Four years and $100 million later, test results showed Oxy's highly touted exploratory well was dry. To everyone's surprise at the company's 2002 annual shareholder meeting, Occidental Petroleum announced its withdrawal from the project due to failure to discover commercially viable oil reserves. The U’wa, and an international network of allies who had campaigned in support of their demands, had won the first round after a decade-long campaign.
While the werjayas and kerekas may have had the ultimate strategy to prevent oil extraction on their sacred land, the U’wa's success in keeping Oxy out also had a great deal to do with an immense and unprecedented outpouring of national and international solidarity.
The U’wa have repeatedly stated that they are willing to die to stop oil drilling. In the words of Berito KuwarU’wa, president of the U’wa Traditional Authority, "We would rather die, protecting everything that we hold sacred, than lose everything that makes us U’wa." In response, the U’wa embarked on what they called a "global crusade to defend all life"-- an unprecedented international campaign to stop the oil project slated for their ancestral territory and to force Occidental Petroleum to pull out.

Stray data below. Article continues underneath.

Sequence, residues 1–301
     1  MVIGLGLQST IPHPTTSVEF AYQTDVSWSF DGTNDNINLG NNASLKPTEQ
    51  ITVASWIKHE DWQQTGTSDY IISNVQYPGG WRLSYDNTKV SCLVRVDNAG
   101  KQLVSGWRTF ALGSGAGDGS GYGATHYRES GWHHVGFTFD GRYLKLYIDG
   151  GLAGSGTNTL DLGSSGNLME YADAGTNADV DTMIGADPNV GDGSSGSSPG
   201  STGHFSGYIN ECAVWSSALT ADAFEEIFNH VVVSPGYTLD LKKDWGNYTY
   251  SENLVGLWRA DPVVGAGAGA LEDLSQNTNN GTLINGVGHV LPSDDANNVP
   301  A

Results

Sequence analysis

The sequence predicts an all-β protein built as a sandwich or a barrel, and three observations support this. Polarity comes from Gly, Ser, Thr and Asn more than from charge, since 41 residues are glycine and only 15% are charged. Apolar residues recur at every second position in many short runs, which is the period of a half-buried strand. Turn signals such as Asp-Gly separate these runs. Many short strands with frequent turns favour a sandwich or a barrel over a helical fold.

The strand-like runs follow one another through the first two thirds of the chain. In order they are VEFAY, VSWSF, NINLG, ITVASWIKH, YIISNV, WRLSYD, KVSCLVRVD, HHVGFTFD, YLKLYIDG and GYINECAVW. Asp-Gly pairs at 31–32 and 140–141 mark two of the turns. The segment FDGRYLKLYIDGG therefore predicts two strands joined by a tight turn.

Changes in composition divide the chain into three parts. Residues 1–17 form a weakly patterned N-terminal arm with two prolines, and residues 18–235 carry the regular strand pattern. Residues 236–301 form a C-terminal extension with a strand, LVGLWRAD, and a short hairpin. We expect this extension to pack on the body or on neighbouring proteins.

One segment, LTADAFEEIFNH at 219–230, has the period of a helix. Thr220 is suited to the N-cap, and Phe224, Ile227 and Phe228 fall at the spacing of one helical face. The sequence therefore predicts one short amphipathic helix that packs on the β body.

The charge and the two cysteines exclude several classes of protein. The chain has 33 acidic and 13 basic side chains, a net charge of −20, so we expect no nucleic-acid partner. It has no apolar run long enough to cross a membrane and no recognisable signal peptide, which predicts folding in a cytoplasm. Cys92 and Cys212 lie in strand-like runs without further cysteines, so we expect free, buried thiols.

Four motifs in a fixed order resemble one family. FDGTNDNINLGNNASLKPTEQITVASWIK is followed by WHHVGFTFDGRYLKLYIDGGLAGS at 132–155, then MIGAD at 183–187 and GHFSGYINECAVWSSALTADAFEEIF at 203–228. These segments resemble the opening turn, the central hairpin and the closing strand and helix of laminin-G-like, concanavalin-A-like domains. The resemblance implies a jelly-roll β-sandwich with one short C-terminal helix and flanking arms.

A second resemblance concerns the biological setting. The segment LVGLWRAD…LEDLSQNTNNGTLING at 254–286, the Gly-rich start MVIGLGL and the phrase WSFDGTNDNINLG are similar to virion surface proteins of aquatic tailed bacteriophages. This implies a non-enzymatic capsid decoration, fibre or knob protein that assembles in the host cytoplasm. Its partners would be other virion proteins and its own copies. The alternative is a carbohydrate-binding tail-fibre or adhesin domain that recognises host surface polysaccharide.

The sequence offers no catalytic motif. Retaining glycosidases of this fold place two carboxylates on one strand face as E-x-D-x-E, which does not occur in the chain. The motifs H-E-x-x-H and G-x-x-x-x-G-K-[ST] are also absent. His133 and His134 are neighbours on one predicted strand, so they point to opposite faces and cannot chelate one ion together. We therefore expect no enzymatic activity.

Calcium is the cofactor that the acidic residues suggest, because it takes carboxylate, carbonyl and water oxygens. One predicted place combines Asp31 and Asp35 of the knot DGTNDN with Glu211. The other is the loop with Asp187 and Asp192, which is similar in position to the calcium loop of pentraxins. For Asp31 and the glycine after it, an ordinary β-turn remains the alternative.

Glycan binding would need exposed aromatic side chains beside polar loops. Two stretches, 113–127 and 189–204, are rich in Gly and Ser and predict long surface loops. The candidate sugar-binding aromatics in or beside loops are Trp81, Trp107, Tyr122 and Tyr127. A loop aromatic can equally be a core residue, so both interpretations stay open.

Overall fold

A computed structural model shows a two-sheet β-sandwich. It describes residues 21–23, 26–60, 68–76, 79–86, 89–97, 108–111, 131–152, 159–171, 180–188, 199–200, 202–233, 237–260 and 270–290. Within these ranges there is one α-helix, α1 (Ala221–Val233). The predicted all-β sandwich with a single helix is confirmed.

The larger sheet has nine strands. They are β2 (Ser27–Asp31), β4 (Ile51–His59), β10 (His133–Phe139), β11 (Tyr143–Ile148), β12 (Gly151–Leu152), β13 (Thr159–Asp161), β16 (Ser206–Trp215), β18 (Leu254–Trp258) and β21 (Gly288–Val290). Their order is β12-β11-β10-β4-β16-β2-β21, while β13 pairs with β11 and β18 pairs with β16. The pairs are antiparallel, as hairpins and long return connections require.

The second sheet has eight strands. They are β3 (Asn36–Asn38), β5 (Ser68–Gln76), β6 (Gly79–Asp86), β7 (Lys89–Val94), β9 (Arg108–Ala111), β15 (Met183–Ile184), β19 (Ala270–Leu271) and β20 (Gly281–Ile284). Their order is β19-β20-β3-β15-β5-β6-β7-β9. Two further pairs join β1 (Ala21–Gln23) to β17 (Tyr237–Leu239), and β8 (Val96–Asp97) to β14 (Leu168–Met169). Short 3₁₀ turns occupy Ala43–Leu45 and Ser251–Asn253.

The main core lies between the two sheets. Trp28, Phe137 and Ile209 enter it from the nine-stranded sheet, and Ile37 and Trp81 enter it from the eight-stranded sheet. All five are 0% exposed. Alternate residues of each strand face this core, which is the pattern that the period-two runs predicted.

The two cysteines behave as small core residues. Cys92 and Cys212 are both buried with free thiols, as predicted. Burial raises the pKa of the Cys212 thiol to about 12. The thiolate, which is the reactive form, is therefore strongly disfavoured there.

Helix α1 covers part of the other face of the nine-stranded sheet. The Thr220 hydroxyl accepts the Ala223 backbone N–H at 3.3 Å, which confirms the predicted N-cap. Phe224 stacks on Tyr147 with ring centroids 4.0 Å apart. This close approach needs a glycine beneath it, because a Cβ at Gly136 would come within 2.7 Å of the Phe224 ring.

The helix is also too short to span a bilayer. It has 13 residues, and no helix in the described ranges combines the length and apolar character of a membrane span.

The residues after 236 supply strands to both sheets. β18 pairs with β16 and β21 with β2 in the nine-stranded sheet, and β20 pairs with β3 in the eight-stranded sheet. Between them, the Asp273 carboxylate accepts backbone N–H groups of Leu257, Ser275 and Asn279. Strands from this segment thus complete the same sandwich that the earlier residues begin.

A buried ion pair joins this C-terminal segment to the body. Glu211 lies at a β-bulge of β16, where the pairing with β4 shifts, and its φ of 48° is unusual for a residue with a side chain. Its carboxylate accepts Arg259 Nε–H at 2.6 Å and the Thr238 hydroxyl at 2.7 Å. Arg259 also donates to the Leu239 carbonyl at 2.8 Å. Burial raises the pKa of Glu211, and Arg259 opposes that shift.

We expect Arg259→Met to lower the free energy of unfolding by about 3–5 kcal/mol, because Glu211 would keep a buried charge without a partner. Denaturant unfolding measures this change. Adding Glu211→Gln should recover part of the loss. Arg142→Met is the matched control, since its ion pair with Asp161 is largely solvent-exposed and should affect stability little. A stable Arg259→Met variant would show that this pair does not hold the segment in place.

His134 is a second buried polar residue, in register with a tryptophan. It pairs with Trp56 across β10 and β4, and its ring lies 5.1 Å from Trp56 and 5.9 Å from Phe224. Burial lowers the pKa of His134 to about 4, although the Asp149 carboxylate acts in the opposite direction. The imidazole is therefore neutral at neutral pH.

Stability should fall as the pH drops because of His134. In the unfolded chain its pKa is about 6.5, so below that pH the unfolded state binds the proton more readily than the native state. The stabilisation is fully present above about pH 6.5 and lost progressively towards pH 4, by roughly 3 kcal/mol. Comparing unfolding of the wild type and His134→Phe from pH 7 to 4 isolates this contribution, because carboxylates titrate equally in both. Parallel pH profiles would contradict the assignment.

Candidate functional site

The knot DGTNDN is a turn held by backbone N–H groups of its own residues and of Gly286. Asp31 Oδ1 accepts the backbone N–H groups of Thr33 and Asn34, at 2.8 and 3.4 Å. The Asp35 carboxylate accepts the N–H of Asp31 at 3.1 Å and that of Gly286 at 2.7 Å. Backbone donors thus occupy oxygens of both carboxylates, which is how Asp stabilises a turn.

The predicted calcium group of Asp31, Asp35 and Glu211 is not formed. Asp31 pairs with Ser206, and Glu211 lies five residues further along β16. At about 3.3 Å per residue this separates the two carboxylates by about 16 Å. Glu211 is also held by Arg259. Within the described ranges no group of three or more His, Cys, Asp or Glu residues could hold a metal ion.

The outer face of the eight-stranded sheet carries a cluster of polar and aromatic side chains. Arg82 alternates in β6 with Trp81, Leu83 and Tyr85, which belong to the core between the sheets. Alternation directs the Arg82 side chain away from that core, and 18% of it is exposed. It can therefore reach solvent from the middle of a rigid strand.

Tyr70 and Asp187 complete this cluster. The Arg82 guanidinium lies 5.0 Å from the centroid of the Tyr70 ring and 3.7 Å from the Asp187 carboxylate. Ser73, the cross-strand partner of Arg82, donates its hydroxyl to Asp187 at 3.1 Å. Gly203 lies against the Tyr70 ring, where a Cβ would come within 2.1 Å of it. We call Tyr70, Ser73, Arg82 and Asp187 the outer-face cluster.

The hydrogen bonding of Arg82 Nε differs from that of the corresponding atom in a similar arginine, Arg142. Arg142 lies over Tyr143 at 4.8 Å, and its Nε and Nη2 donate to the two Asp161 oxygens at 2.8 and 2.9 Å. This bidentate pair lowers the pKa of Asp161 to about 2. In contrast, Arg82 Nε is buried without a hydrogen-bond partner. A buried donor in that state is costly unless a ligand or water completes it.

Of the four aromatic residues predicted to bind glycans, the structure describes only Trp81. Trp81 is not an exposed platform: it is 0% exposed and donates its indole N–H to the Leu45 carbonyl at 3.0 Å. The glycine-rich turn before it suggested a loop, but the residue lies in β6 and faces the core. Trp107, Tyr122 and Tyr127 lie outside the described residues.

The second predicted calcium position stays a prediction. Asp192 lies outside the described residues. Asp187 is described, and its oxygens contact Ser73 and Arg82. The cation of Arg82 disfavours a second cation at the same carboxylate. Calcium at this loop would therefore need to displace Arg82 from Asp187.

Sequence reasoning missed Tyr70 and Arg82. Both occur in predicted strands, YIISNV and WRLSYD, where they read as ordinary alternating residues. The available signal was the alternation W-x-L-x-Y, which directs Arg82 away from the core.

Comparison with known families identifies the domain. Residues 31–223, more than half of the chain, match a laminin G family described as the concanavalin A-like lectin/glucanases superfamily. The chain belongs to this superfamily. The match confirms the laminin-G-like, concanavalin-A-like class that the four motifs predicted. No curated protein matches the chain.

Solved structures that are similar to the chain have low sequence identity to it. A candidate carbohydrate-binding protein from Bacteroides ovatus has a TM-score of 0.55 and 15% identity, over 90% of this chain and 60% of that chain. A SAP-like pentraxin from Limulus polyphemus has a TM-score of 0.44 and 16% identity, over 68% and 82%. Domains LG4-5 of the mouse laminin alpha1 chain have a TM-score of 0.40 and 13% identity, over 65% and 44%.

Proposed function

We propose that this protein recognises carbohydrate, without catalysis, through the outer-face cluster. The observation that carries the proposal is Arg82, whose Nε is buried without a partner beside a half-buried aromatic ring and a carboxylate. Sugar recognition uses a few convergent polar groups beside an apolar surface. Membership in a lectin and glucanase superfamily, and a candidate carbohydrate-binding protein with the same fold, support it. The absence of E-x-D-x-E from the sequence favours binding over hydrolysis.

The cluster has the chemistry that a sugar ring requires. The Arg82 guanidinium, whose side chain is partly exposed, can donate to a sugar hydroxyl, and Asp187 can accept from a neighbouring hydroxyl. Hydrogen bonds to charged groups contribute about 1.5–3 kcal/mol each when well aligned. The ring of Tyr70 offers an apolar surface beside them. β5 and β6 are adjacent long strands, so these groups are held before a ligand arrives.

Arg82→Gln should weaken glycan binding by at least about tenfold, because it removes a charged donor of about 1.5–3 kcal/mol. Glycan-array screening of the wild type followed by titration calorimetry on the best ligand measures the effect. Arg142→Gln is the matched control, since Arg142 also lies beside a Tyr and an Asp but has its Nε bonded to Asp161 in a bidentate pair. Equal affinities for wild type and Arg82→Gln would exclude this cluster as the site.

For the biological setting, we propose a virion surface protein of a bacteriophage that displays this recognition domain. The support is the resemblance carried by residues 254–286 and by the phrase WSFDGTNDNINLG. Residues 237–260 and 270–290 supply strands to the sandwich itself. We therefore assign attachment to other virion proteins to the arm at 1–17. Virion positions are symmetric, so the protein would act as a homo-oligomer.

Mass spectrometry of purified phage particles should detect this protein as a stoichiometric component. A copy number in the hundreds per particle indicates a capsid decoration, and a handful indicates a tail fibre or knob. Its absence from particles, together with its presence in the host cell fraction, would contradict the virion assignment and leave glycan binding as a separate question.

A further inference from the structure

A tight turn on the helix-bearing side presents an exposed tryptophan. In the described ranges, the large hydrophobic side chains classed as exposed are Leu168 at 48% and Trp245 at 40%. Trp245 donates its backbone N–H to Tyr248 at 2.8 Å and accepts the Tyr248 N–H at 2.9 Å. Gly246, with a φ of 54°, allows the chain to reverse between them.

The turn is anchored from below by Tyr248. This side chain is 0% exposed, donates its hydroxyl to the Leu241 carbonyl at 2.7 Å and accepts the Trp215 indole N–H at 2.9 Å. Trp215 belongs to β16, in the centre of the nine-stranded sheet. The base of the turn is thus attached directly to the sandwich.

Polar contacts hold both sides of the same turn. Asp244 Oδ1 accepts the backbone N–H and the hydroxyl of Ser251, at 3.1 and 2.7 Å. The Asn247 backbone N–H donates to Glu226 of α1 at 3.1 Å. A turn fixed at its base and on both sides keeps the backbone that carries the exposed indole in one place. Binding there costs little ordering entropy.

The cosmovision, traditions, and peaceful resistance of the U’wa captured the attention of a burgeoning global justice and solidarity movement.
From the point of view of the U’wa, the project would result in the "ecocide, genocide and ethnocide" of their people. The U’wa have long believed that oil beneath the earth plays a vital role in maintaining together the layers of the physical and spiritual worlds. Called Ruiría by the U’wa, oil is considered a sacred element that must not be removed. In fact, as U’wa ancestors foresaw somewhat accurately, to extract oil will incite disruption and chaos in the world and will lead humanity down a path that, if not reverted, will ultimately lead to its own destruction.
The U’wa resistance also reflects a practical assessment of Colombia's violent reality. In Colombia, oil brings violence, and oil operations are strategic targets in the civil war, with operations of companies like Oxy directly or indirectly financing all sides of a four-decade-long armed conflict that kills and displaces thousands of innocent civilians each year.